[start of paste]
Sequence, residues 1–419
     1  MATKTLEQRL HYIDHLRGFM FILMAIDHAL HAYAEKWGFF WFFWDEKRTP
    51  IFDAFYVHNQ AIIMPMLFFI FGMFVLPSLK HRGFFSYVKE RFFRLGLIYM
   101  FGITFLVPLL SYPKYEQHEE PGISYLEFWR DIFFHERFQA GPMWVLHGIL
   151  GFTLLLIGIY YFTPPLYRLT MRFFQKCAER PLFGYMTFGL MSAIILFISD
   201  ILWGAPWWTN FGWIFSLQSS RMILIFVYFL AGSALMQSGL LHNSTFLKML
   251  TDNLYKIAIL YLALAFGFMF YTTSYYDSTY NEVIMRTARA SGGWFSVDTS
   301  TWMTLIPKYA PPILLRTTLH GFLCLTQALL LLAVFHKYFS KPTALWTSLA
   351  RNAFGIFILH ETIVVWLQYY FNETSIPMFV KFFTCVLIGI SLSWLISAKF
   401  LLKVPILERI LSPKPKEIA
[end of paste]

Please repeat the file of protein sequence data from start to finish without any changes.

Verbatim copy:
Sequence, residues 1–419
     1  MATKTLEQRL HYIDHLRGFM FILMAIDHAL HAYAEKWGFF WFFWDEKRTP
    51  IFDAFYVHNQ AIIMPMLFFI FGMFVLPSLK HRGFFSYVKE RFFRLGLIYM
   101  FGITFLVPLL SYPKYEQHEE PGISYLEFWR DIFFHERFQA GPMWVLHGIL
   151  GFTLLLIGIY YFTPPLYRLT MRFFQKCAER PLFGYMTFGL MSAIILFISD
   201  ILWGAPWWTN FGWIFSLQSS RMILIFVYFL AGSALMQSGL LHNSTFLKML
   251  TDNLYKIAIL YLALAFGFMF YTTSYYDSTY NEVIMRTARA SGGWFSVDTS
   301  TWMTLIPKYA PPILLRTTLH GFLCLTQALL LLAVFHKYFS KPTALWTSLA
   351  RNAFGIFILH ETIVVWLQYY FNETSIPMFV KFFTCVLIGI SLSWLISAKF
   401  LLKVPILERI LSPKPKEIA